Guides are semi-active in EQ2 again, btw. Oasis has a couple guides posting on the server board. I rarely read that board, though, so I missed the events they had announced. Though I'm more a fan of guides just integrating themselves into the game and becoming more of an interactive npc than having 'events'. But that's where the whole favoritism thing gets into it.

DLRiley
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Reply #21 on: February 27, 2009, 01:22:17 PM

We are a good several years behind on user created content. MMo's going to have to be played because their fun way before there is serious demand for user created content.
Mrbloodworth
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Reply #22 on: February 27, 2009, 01:39:19 PM

This is kinda upsetting, everyone has forgotten Ryzom:

"At the end of March, a live update will deliver the Mission Architect to the CoH/V franchise and its players, marking the first time that MMO players will have the opportunity to create missions, create story arcs and then share them with others in the “City of” space, regardless of server. "

To me, this seems like a watered down version, i'm sure its because games are different and require different implementations... But i just kinda feel for the indi guys that this whole things is quite obviously patterned after (R2). While i realize its not new to games, it is rather new to MMO's, but its seems CoX is going to get the credit for that one.  Ohhhhh, I see.

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Sky
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Reply #23 on: February 27, 2009, 01:41:42 PM

And everyone think Clapton wrote Crossroads, and Santana wrote Black Magic Woman.

I've played CoH/V and thought it's awesome, I've never played Ryzom. Having mindshare is a big part of things.

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Reply #24 on: February 28, 2009, 01:13:31 AM

Without having deep experience of Ryzom's Ring feature (hmm, that sounds dirty) it seemed to be a lot more sandboxy than CoH/V is going to allow. CoH/V is going to allow character advancement through the MA system (with tradeable tickets instead of random rewards) while I'm not sure if what happened in the Ring followed through to the main game in Ryzom.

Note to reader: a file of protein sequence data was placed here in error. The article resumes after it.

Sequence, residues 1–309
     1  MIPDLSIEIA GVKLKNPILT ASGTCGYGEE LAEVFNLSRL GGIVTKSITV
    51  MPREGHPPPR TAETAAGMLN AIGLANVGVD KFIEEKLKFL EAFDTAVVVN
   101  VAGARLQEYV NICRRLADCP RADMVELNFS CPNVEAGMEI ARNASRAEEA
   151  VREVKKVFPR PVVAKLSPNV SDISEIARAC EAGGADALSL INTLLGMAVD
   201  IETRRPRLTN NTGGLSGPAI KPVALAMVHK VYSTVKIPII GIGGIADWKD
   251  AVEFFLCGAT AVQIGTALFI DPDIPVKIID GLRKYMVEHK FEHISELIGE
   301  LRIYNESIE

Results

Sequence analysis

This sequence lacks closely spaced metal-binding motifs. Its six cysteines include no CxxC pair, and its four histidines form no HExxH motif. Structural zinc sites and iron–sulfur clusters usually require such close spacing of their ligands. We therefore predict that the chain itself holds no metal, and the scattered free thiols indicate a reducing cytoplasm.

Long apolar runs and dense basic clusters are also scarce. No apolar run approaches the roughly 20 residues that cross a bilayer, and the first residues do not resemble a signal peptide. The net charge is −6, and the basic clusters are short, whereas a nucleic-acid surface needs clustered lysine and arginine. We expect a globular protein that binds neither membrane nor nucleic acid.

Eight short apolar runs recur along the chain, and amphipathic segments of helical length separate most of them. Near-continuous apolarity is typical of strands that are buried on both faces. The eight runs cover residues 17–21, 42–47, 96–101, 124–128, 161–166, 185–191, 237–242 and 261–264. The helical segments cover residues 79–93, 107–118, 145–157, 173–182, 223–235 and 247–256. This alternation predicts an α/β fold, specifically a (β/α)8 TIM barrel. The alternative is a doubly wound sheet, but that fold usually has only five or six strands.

It's a bit of puffery, but CoH/V are the first theme park-style MMO to go this way and allow a lot of rewards (and possible exploits) for players to get from both creating and playing through MA content.

Finally, I find CoH/V fun. I don't know what kind of impact the MA system is going to have on CoH/V's player base though - not sure it will bring back that many new / exited players.

UnwashedMasses
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Reply #25 on: February 28, 2009, 04:36:27 PM

Being able to create zones, items and tinker with all kinds of shit as an IMM/ Admin is what kept me MUDding at the same place for almost 6 years.

Hell, you could create a whole system that determines what 'item budget' is allowed based on the # of mobs, levels of them, etc for item-centric MMOs.  That'd be pretty stellar.
Yeah.  It's what kept me going for a decade.

Ditto.  Seems  like live-events were a big part of administrating a MUD, and were a part of the promise for MMOs that never really happened.  I'd like to think they could be patched in, but I suspect the industry has outgrown them.  The Circle MUD I worked in had regular "quest" events which could net you prizes and "quest points" for special gear, all driven by live human nerds who could roll with the punches.  You know, DM something.
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Reply #26 on: February 28, 2009, 06:02:10 PM

It's good to see a mainstream successful MMO try this. I just don't know that it's going to be different from every single other user-customized experience people have been thinking we're six months away from for the ten years I've been playing these games:

Users generally suck at creating compelling content. Until they're paid, and even then it's not a guarantee  Oh ho ho ho. Reallllly?
Mrbloodworth
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Reply #27 on: February 28, 2009, 06:06:39 PM

It's good to see a mainstream successful MMO try this. I just don't know that it's going to be different from every single other user-customized experience people have been thinking we're six months away from for the ten years I've been playing these games:

Users generally suck at creating compelling content. Until they're paid, and even then it's not a guarantee  Oh ho ho ho. Reallllly?

Well, this looks highly constrained, you really only get to pick fluff things really, you cant even do mob placement, or goal placement, you just basically tell it, "at the end of the level" or "at the middle". The random mission generator takes care of a LOT of the details it seems. Your just providing the seeds.

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Venkman
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Reply #28 on: February 28, 2009, 06:16:59 PM

Yea. It has a sort of Sims Carnival feel, more of a wizard for customizing an experience than an NWN-like total-world builder.

Players will still find a way to screw it up though smiley

In all seriousness, this is actually making me consider CoX again. It's been a few years, and I'm jonesing for some fly-around action anyway, at least until DCUO comes out. And being able to level within missions you and friends created could (theoretically) do something for the what-I-remember-as arduous grind from the 20s onward.